What we found from analyzing the top 100 retailer sites:
- 39% of the top 100 Retailers had less than 40 tags loading on their site
- 49% had between 40-80 tags loading on their site
- 12% had 81 or more tags loading on their site (136 being the maximum)
These tags were found to be loading through the page source, through the TMS, or off of other tags (an action also known as piggybacking).
Having numerous tags loading on different platforms and portions of these websites can lead to slower site performances, thus negatively affecting the users’ experience and potentially losing a sale. A large tag count also means large sets of data can be collected without one’s knowledge, leading to non-compliance issues with regulations i.e. CCPA, GDPR, etc. Here’s an example of what a large tag count looks like:
In order to have a full understanding of how one’s digital architecture is set up and running, a governance process must be in place that allows teams to fully understand:
- Which platforms are set on their website(s);
- What data points are being collected by said platforms, and;
- What steps are in place to continually monitor tag activity across their properties.
Our final recommendation is to look into investing in a tag auditing, governance, and monitoring platform, which will give team members an on-going and transparent view of your properties’ architecture and actually monitor those properties on behalf of the team to ensure that all important tags are where they need to be. Our customer data governance consulting team works with organizations across the globe to take the following steps towards a successful governance practice.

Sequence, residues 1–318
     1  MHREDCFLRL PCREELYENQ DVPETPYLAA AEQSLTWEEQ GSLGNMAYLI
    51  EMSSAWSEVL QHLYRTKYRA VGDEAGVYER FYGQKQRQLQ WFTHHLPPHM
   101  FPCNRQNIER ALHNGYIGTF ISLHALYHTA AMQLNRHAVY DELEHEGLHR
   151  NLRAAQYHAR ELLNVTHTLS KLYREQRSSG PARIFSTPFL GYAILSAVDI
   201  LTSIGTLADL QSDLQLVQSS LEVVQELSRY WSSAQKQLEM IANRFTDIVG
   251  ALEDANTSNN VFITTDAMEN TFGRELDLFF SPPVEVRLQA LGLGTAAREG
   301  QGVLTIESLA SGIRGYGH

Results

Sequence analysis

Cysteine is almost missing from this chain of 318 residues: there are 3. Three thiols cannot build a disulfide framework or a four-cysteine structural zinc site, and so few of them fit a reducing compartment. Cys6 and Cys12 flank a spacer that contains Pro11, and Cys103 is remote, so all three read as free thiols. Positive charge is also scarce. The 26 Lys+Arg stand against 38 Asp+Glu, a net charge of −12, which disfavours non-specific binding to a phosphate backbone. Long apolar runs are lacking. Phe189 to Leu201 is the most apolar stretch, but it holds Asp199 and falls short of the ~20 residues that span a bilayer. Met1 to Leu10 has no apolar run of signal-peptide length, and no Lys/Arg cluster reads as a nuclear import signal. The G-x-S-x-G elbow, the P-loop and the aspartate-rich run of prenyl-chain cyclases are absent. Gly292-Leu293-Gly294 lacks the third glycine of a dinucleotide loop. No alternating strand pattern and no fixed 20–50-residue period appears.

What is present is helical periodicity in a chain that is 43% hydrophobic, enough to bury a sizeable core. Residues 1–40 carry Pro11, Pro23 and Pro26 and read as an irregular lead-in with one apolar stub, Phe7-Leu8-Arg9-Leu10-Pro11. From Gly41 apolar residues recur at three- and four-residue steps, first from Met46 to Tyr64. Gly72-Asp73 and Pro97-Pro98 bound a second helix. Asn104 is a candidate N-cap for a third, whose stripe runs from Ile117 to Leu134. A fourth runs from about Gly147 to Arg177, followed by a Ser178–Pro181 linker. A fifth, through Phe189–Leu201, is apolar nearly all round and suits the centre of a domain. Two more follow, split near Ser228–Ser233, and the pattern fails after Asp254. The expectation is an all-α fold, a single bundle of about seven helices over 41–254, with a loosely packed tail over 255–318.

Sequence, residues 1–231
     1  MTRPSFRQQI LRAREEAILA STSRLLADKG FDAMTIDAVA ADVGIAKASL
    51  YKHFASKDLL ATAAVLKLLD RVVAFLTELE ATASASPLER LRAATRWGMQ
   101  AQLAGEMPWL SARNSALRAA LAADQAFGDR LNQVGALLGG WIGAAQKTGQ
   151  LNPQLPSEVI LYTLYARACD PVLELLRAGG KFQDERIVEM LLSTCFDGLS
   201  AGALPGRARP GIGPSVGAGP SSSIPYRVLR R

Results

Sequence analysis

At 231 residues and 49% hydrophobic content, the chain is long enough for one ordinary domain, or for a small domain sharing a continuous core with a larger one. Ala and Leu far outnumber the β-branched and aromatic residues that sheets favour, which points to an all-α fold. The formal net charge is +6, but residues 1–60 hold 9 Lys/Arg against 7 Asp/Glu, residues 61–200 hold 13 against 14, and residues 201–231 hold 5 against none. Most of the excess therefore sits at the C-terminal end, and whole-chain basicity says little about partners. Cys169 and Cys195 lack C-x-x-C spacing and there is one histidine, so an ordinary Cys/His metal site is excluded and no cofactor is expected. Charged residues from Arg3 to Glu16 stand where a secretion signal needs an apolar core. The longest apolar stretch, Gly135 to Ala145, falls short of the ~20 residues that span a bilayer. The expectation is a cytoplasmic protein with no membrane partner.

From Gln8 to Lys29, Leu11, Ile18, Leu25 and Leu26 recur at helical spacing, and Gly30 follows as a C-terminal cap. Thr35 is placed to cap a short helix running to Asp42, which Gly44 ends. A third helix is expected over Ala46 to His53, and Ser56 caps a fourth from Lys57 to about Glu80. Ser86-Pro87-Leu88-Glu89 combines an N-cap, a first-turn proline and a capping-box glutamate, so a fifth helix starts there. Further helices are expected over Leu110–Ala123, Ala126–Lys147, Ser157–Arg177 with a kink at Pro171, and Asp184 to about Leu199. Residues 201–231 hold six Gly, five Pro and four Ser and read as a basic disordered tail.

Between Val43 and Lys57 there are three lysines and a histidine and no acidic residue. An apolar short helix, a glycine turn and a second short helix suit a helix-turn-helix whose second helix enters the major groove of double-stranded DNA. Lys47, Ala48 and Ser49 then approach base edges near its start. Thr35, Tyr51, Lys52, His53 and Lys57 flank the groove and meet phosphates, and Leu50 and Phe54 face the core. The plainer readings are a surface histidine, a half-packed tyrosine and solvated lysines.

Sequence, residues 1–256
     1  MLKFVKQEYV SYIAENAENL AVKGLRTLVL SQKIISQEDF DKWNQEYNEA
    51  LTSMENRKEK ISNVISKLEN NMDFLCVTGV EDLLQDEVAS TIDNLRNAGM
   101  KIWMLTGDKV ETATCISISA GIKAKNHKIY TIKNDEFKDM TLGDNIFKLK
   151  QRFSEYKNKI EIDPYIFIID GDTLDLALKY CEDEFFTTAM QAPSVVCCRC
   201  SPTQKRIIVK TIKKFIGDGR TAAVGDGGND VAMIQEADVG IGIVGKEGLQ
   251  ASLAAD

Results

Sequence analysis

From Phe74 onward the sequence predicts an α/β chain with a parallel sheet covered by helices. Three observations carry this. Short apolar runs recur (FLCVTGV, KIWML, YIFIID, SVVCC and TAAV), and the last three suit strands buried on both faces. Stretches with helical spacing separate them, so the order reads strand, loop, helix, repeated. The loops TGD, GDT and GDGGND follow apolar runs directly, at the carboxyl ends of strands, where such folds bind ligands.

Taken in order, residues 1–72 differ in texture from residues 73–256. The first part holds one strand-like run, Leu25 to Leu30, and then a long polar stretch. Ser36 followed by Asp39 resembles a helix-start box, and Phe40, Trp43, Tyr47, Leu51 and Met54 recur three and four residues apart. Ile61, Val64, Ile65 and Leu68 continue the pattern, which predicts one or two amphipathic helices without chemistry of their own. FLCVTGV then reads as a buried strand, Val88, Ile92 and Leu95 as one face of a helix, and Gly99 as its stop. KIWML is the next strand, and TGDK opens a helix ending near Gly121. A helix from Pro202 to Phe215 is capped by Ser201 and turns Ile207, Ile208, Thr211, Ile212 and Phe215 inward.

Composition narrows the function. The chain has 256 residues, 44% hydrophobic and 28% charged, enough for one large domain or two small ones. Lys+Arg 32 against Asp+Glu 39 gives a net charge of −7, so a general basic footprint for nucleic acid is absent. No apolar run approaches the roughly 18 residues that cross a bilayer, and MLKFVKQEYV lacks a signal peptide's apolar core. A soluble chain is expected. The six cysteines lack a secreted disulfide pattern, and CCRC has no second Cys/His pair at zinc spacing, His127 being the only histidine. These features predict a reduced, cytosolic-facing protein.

As you can see from the results, there is no “one ideal digital architecture” that retailers need to implement on their online properties. Each organization has unique challenges and goals, which in turn dictate which metrics and KPIs should be used for measurement. What should be noted is that even some of the top retailers in the world could use some changes that could positively impact their site’s performance, data collection, and success.
If you’re ready to start building a strong and compliant architecture, the first step is to map out your business objectives and understand what people, platforms, and processes you have in place. Next, run an audit of your website to see how everything is set up, and from there, make the necessary changes. Again, I highly recommend utilizing Tag Inspector in helping you discover your online set up, as it will show you exactly what tags are found on every page, what data points are being collected, and even what cookies are being set.
Interested in learning more in how we help our partners advance on their analytics journey? Contact the InfoTrust team to see if our services are the best fit for your organization.